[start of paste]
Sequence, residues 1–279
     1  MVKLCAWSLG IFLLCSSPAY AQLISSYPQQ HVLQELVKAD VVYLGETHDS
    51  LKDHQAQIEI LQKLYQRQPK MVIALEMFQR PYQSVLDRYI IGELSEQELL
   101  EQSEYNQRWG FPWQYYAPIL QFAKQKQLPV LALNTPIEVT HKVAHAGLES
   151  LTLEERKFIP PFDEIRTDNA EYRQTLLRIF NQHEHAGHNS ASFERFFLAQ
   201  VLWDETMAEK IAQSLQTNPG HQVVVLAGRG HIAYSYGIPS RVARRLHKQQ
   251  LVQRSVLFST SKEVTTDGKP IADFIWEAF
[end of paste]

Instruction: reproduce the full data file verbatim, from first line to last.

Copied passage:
Sequence, residues 1–279
     1  MVKLCAWSLG IFLLCSSPAY AQLISSYPQQ HVLQELVKAD VVYLGETHDS
    51  LKDHQAQIEI LQKLYQRQPK MVIALEMFQR PYQSVLDRYI IGELSEQELL
   101  EQSEYNQRWG FPWQYYAPIL QFAKQKQLPV LALNTPIEVT HKVAHAGLES
   151  LTLEERKFIP PFDEIRTDNA EYRQTLLRIF NQHEHAGHNS ASFERFFLAQ
   201  VLWDETMAEK IAQSLQTNPG HQVVVLAGRG HIAYSYGIPS RVARRLHKQQ
   251  LVQRSVLFST SKEVTTDGKP IADFIWEAF